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Cephalalgia. 2015 Sep;35(10):853-63. doi: 10.1177/0333102414563087. Epub 2014 Dec 5.

The association between stress and headache: A longitudinal population-based study.

Author information

1
Institute for Medical Informatics, Biometry and Epidemiology, University Hospital of University Duisburg-Essen, Germany sara.schramm@uk-essen.de.
2
Institute for Medical Informatics, Biometry and Epidemiology, University Hospital of University Duisburg-Essen, Germany.
3
Department of Psychology, Center for Psychotherapy, University of Zurich, Switzerland.
4
Department of Neurology, University Hospital of University Duisburg-Essen, Germany.
5
Department of Neurology, St. Joseph Hospital, Ruhr-University of Bochum, Germany.
6
Department of Neurology, Evangelisches Krankenhaus Unna, Germany.

Abstract

INTRODUCTION:

We studied the association between stress intensity and headache frequency for tension-type headache (TTH), migraine and migraine with coexisting TTH (MigTTH).

METHOD:

We studied a population-based sample of 5159 participants (21-71 years) who were asked quarterly between March 2010 and April 2012 about headache and stress. Log-linear regression in the framework of generalized estimating equations was used to estimate regression coefficients presented as percent changes to describe the association between stress intensity (modified visual analog scale (VAS) from 0 to 100) and headache frequency (days/month) stratified by headache subtypes and age groups and adjusted for sex, age, frequent intake of acute pain drugs, drinking, smoking, BMI and education.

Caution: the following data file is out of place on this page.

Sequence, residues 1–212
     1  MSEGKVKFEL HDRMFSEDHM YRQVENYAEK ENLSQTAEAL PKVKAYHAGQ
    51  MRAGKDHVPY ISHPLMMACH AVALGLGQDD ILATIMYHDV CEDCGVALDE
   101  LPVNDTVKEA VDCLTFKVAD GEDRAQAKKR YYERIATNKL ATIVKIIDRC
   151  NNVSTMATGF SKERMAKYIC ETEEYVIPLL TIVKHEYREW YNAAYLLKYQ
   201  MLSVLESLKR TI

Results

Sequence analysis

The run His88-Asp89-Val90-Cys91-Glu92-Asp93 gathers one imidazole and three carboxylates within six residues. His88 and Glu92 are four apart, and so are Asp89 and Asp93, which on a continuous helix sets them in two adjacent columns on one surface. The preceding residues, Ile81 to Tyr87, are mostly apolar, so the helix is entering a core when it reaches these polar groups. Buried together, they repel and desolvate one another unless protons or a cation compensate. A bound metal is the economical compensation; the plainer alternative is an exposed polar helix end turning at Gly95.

RESULTS:

TTH was reported in 31% participants (48.1 ± 12.5years, 51.5% women, 2.2 ± 3.9 mean headache days/month, 52.3 ± 26.7 mean stress), migraine in 14% (44.8 ± 11.3years, 73.3%, 4.5 ± 5.2 days/month, 62.4 ± 23.3), MigTTH in 10.6% (43.5 ± 11.5 years, 61.0%, 3.6 ± 4.8 days/month, 58.6 ± 24.1), 23.6% were unclassifiable, and 20.8% had no headache. In participants with TTH an increase of 10 points on VAS was associated with an increase of headaches days/month of 6.0% (adjusted). Higher effects were observed in younger age groups (21-30/31-40/41-50/51-60/61-71 years: 9.8/10.2/7.0/6.5/3.5%). Slightly lower effects were observed for migraine (4.3%, 8.1/5.1/3.4/6.3/0.3%) and MigTTH (4.2%, 5.5/6.8/6.9/5.8/-0.7%).

CONCLUSION:

Our study provides evidence for an association between stress intensity and headache frequency.

KEYWORDS:

Stress; epidemiology; headache; longitudinal; migraine; tension-type headache

PMID:
25480807
DOI:
10.1177/0333102414563087
[Indexed for MEDLINE]

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